So now we arrive at the question we opened with: why phosphates? Though other chemical groups are reversibly attached to proteins to regulate their behavior, stability, degradation, and trafficking within the cell, none are as ubiquitous or arguably as important as phosphorylation. Apart from storing large amounts of energy in the bonds linking them, do phosphate groups have chemical properties that make them especially desirable modifications?
Phosphate groups have three negative charges, which make it nearly impossible for them, or the proteins to which they are attached, to diffuse through cellular membranes and be lost from the cell. Phosphate linkages are also extremely stable – the half-life of a single ester phosphate linkage is estimated to be about 1012 years!
Phosphates have been important for quite a while in our evolutionary history. For a bond to occur between two DNA or RNA subunits, a pair of electrons must be donated to each subunit—these come from a phosphate. After linking the adjacent nucleotides, two negative charges will be neutralized, so an additional negative charge is needed to prevent diffusion through the membrane (see Figure 5). Phosphate groups have the required three, allowing DNA and RNA molecules to stay in the cell.
It’s possible phosphates were first used to link DNA and RNA nucleotides long before the first living cell reproduced itself. Perhaps during the prebiotic chemical cycles that took place between 4.5 billion years ago, when Earth was formed, and the appearance of the first cells about one billion years later. How phosphorylation came about, and what its first job was, remain the subjects of vigorous scientific debate.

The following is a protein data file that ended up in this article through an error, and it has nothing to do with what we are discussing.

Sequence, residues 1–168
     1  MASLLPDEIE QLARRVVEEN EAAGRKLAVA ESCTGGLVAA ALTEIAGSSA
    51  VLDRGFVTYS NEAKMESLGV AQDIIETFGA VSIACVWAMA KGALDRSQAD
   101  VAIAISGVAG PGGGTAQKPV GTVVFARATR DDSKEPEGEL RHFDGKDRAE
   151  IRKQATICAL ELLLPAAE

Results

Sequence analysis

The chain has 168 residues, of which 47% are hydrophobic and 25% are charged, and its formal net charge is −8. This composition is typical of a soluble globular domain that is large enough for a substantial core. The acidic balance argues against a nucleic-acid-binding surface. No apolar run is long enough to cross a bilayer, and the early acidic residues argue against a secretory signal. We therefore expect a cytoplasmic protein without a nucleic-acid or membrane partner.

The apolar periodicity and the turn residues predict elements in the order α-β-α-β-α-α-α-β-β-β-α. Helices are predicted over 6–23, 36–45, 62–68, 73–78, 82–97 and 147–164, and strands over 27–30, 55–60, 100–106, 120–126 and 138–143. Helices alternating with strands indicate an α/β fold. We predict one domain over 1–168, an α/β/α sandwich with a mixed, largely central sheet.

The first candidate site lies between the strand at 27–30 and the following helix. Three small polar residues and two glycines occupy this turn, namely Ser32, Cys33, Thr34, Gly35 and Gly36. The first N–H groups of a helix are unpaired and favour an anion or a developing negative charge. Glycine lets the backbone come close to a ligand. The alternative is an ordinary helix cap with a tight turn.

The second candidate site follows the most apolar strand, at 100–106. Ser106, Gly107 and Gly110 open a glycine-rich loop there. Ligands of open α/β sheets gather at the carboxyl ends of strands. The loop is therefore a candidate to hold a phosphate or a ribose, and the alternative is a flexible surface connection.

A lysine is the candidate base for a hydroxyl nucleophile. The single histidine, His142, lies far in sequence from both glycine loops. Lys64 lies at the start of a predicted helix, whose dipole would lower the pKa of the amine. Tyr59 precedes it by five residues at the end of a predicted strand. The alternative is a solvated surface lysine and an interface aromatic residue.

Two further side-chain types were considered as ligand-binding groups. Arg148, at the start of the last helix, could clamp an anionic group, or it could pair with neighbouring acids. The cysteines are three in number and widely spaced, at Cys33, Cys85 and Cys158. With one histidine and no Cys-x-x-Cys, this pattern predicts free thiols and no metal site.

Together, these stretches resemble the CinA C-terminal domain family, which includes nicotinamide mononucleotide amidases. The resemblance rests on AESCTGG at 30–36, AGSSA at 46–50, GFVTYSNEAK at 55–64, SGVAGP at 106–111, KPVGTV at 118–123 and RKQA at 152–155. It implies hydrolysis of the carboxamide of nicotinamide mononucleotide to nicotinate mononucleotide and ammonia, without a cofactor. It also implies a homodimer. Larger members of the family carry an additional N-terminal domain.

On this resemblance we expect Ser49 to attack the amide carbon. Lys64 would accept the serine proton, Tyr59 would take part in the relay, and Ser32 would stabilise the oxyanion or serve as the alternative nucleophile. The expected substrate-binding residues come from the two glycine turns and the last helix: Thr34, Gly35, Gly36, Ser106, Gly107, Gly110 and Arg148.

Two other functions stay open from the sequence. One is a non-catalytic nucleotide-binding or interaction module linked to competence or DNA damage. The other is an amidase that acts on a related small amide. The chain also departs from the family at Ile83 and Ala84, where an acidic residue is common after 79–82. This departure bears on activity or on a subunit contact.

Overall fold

One thing is for certain, though: humble phosphates and all living things have been inextricably linked ever since, relaying messages, paying entropic debts, and enabling microscopic industries of all kinds.
About the author
John Charpentier is a first-year Immunology Ph.D student at the University of Michigan. Prior to beginning graduate school, John earned a B.S. in biochemistry at the University of Massachusetts Boston. John is investigating a form of endocytosis (the transport of fluids and molecules) that occurs in activated T cells. Outside of the lab, he enjoys visiting museums, attending plays and concerts, and is developing a podcast about great experiments in the history of biological research. Follow him on Twitter (@snpsandsnRNPs), and connect on LinkedIn.
Read all posts by John here.
Image credits: All figures were generated by the author.